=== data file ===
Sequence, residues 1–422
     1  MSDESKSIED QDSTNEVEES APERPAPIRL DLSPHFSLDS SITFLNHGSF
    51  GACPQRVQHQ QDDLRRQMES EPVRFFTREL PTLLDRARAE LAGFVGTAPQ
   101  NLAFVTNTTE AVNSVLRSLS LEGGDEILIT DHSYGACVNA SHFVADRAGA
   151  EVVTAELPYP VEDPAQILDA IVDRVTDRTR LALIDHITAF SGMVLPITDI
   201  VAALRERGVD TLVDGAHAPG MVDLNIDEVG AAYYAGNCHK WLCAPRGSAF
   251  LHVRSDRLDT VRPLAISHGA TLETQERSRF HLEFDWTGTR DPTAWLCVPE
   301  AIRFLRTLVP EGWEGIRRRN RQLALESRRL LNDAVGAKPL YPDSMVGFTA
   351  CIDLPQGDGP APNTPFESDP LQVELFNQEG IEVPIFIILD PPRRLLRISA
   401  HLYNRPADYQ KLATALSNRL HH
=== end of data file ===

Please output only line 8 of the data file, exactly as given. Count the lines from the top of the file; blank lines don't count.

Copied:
   301  AIRFLRTLVP EGWEGIRRRN RQLALESRRL LNDAVGAKPL YPDSMVGFTA